by BETH ALTENA
‘It’s very dangerous, but everything is under our control,” Courtland Township Fire Chief Mickey Davis said of training practices that use old homes slated for demolition. Davis said members of his department, along with Rockford, Algoma, Cedar Springs and Cannon fire departments participated in one burn the morning of Saturday, July 20.
Passersby may have been alarmed to see flames licking from the farm home on the east side of the road between Eleven and Twelve mile road. According to Davis, members from all five departments took turns going in in groups to put out fires within the residential property.
Davis said the burns are strictly controlled for safety. Organizers must follow National Fire Protection Association guidelines, including only using paper and wood to build up the flames in the fires. Davis said practice burns used to use liquid accelerants in the starting of fires within structures but that practice has been prohibited after firefighters lost their lives. Davis said fires using liquid accelerants are extremely hard to predict and fires can spread much more quickly than intended.
In preparing to burn a structure, Davis said the homeowner has to sign plenty of documentation, proving there is no insurance on the building, exempting the department from damage to the property and spelling out that the owner is volunteering the building to be burned down.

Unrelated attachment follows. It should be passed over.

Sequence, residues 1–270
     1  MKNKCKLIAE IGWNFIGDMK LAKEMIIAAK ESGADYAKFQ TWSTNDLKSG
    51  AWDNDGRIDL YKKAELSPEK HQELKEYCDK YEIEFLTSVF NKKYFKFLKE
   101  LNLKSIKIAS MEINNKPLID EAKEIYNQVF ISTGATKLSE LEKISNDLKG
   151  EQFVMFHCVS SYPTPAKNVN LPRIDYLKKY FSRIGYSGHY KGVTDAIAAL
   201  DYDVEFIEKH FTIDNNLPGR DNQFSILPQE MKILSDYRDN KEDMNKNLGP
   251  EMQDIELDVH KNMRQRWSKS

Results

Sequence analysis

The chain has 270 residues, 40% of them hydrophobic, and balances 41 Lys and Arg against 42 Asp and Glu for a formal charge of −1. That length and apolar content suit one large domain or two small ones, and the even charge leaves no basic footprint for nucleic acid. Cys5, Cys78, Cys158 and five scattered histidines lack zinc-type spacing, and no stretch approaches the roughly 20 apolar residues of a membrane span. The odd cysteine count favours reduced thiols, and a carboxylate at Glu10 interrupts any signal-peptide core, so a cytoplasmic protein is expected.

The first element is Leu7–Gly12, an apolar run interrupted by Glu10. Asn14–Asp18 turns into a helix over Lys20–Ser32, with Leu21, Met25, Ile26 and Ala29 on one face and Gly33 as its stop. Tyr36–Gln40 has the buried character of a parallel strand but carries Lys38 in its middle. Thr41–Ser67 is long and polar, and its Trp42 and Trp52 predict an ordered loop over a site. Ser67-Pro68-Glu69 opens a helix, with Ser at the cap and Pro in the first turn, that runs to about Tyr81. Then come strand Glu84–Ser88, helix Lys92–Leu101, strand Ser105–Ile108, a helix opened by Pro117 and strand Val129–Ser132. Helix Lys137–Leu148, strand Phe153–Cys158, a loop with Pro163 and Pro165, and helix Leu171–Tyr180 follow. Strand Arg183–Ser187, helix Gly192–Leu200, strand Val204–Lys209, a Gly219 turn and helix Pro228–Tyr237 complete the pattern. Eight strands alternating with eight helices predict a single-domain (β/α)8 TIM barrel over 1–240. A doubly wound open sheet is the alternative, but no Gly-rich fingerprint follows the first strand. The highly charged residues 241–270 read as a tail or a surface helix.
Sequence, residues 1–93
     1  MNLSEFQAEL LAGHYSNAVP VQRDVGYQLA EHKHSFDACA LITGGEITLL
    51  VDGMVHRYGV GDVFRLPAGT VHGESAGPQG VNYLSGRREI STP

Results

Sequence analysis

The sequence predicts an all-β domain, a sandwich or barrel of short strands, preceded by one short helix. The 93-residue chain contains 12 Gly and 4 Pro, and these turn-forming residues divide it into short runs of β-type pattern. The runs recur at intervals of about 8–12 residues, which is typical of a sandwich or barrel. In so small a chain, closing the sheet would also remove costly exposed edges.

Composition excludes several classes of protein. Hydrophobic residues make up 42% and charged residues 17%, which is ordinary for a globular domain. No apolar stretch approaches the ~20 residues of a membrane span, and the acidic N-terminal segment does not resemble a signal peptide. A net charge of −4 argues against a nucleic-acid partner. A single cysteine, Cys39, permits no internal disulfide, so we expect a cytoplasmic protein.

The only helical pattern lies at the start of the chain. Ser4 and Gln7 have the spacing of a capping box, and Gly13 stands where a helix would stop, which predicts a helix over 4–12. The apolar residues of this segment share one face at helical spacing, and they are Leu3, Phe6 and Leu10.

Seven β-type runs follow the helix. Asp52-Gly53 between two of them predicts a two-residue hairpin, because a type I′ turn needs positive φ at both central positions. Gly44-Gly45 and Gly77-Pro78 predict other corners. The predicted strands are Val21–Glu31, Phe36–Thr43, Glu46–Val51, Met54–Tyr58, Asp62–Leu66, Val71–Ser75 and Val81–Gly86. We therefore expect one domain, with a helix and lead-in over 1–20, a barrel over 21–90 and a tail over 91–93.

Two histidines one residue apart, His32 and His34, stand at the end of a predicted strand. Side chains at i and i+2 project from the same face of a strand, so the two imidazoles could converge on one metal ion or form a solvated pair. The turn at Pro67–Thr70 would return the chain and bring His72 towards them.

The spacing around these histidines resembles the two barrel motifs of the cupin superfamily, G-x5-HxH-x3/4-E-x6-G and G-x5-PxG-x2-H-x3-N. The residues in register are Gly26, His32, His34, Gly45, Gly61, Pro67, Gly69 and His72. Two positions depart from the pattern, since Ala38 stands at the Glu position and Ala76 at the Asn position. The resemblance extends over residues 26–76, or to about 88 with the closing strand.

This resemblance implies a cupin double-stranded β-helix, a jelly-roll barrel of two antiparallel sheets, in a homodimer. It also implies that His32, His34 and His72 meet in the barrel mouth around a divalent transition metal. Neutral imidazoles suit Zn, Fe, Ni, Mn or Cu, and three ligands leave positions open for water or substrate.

Davis said all participants are required to go through the structure several times so they know what to expect when entering the building. “There is a lot of accountability,” Davis said. Safety officers from each department are also on site making sure safety precautions are followed.
A neighbor talked to fire fighters during the practice and Davis said he leaned some of the history of the home. The farm house sits on ten acres and was moved to that location years ago. It formerly was on property across from Bell Furniture, he said. He stated that the owner was anxious to have the building destroyed and the negotiations took a couple of months until the green light was given for Saturday’s burn.
In addition to offering valuable training, such planned burns allow local departments to familiarize themselves with fellow fire fighters, their behavior during fire fighting and each other’s equipment.
“Usually during a fire when we ask for assistance, we show up, put out the fire and leave,” Davis said. “This gives us a chance to get to know each other and talk.” He said it is also important to take the time to make sure the departments in an area are using equipment that is compatible.
“We don’t want to show up at an assist and not be able to hook up with each other’s equipment,” he stated.
Davis said in his many years fighting fires he has probably seen everything, but each fire is unique and unpredictable. He said of the thirty or more fire fighters who attended the event, many came up to tell him the practice was valuable and that they appreciated the training. “Everyone learned something,” he stated.